lie along the downhill edge of a feild, and work to filter sediment out of runoff from a feild before it can leave.
riparian buffers
strips of permanent vegetation along streams, wetlands, etc to protect water quality from feild runoff.
when is a terrace used?
when other measures fail to reduce erosion adequately.
what are the two typs of terraces and when are they used
level and graded; level is used when soil is permeable enough to allow water to seep in once captured by the terrace.
In the other hand, graded terrace is used when water CANNOT soak in enough. They might be drained underground of slope towards the waterway.
what are the four uses of diversions
1. protecting feilds from runoff flowing from higher elevations
2. diverting water away from active gully heads
3.diverting water from feed lots, farmsteads, or other sensitive areas,
4. in residential housing, diverting water away from homes.
boundary layer
a very thin layer still air that covers a soil surface, but larger rocks stick up above the layer.
saltation
the process of grain of a grain of sand jumping into the air, coming back down, knocking silt in to the air from its impact.
suspension
when dust rises into the air and is carried for long distances.
surface creep
when sand between the size of .02 and .04 inches are too large to be kicked into the air, they roll along the ground
what are some possible ways to reduce wind erosion?
till at right angles to the wind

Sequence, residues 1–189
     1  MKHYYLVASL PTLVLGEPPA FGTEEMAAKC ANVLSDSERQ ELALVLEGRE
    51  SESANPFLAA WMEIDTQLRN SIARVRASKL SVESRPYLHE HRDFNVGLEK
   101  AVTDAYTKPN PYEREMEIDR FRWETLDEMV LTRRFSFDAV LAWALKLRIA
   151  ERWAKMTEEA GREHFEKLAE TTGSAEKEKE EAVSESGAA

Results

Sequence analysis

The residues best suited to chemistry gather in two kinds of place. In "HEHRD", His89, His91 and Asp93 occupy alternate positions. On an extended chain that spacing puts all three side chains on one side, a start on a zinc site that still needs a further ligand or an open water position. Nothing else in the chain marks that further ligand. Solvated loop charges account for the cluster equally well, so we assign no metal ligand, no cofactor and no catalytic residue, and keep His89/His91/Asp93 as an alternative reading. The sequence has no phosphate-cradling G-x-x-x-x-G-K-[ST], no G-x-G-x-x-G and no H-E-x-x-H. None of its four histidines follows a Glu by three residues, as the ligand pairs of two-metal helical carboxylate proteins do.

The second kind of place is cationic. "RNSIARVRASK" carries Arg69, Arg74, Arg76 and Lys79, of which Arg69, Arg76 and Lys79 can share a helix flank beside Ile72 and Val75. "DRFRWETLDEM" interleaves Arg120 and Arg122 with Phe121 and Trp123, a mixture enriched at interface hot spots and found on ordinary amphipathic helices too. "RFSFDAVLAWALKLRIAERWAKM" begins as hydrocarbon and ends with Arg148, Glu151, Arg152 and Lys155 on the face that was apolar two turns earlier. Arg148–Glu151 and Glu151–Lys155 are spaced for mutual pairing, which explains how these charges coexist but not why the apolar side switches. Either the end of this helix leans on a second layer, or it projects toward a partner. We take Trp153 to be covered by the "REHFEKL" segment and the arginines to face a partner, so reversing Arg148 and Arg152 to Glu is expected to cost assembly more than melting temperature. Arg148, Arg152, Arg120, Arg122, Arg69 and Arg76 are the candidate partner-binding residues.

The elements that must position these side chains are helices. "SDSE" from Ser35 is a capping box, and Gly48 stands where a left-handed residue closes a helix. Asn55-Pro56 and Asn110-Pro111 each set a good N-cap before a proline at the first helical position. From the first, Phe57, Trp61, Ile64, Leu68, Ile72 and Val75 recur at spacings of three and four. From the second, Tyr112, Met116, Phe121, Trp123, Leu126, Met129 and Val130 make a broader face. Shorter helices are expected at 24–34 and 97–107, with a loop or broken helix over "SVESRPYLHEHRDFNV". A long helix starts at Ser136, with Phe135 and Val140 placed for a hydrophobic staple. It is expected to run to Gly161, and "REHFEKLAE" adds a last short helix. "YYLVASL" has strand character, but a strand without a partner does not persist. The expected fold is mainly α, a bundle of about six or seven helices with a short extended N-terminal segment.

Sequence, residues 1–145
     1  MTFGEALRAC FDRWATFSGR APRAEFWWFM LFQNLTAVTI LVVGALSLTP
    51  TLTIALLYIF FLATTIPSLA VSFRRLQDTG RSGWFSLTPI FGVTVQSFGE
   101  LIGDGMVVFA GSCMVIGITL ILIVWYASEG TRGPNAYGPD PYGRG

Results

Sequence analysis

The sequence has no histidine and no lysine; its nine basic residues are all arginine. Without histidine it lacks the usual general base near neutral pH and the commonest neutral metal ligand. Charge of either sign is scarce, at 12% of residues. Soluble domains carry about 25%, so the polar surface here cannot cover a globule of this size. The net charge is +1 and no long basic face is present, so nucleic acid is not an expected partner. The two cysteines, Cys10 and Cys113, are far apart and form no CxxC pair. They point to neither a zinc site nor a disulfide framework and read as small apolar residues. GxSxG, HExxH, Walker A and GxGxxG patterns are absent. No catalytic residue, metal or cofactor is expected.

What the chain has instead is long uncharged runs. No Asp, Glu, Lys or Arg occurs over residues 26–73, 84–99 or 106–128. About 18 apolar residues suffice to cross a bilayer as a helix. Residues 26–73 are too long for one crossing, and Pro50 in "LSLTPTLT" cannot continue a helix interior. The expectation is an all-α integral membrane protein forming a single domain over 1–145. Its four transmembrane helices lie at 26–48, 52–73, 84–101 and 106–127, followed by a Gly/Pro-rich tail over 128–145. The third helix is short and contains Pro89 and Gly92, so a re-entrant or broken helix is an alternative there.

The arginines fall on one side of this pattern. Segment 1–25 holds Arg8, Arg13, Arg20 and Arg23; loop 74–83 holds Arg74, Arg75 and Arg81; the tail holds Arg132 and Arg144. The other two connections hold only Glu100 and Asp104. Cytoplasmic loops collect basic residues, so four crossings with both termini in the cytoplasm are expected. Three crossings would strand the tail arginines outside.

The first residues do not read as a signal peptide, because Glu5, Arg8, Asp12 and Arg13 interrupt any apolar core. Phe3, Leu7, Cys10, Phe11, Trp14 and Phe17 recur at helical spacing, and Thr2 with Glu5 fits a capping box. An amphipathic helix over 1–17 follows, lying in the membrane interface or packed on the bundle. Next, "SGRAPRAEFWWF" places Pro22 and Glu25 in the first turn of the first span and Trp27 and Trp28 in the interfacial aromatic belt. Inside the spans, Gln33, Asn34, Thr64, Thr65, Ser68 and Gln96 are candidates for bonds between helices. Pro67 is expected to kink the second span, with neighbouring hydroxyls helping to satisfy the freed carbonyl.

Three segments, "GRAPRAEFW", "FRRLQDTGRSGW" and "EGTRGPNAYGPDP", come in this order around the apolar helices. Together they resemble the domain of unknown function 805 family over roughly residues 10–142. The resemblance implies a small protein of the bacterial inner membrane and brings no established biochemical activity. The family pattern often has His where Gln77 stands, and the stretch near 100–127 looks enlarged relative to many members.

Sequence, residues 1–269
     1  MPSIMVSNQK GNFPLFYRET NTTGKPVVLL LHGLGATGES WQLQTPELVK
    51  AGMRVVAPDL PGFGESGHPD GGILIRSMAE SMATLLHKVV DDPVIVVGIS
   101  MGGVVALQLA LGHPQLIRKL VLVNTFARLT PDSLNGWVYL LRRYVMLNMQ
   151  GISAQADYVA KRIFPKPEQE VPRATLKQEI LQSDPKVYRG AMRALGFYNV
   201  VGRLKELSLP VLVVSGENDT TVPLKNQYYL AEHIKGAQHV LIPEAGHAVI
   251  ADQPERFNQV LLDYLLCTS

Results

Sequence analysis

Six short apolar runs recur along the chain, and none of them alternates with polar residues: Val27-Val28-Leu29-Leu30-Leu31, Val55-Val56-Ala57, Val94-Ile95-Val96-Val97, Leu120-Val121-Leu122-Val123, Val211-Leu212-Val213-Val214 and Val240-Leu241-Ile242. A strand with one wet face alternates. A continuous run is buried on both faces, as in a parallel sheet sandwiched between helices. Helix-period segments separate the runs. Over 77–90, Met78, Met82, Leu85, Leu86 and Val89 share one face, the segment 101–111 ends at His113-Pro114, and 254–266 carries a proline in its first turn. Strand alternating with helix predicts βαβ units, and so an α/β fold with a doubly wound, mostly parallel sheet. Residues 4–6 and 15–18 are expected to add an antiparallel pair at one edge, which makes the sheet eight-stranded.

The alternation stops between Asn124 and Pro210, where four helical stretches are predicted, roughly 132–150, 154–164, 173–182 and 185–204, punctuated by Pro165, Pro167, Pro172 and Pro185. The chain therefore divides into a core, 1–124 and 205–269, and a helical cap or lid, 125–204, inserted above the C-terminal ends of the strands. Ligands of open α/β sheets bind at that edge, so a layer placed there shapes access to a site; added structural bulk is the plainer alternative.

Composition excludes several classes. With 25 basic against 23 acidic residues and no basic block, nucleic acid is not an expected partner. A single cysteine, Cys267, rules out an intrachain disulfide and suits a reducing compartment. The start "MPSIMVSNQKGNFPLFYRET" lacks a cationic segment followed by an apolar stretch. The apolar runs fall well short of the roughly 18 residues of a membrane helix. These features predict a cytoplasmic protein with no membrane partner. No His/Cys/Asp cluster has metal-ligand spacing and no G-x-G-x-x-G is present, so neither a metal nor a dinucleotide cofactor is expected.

2.use conservation tillage or leave crop residue on the soil surface
3. keep soil covered with as much vegetation as possible.
moiste soil to keep it bound together better.
plant windbreaks such as trees and shrubs
plant the most critical areas to permanent grasslands or other vegetative cover.
Brown feilds
abandoned idled, or underused industrial or commercial facilities where redevelopment is hampered by real or perceived contamination.
bioremediation
the use of living things to reduce pollution.
what are some ways to control construction erosion and sedimentation?
1. Keep disturbed areas small.
2.protect disturbed areas.
3.keep runoff velocities low.
4. divert runoff away from disturbed sites
5.retain sediment on site.
erosion control blanket
blankets that can be rolled over bare soil. They are biodegradable.
hydromulching
involves blowing mixtures of water, finely chopped straw, and seed over disturbed areas. vegetation should grow from seed.
rip rap
covering soil with concrete.
check dams and wattles
bundles of straw placed in an area where runoff is happening in an attempt to reduce sediment load.
silt fence
a dense mesh fabric buried partially underground and attached to posts to create a fence which strains the sediment load from water as it passes through.
retention ponds and sediment basin
places where sediments are taken and settle out.
low impact development or zero runoff development
another option which involves leaving the water on site and allowing it to filter into the soil, using the water for irrigation rather than disposal.
swales
a shallow ditch where water is carried to in developments.
bioswale
a swale with deep porous soil and dense vegetation that slows runoff, promotes infiltration, and traps sediment.
recharge basin
retention ponds that are designed to promote infiltration rather than simply hold water.
rain garden
a depression in the yard that is meant to absorb the rain an drunoff.
green roofs
beds of vegetation planted on rooftops. can either be extensive(little) or intentsive (a lot)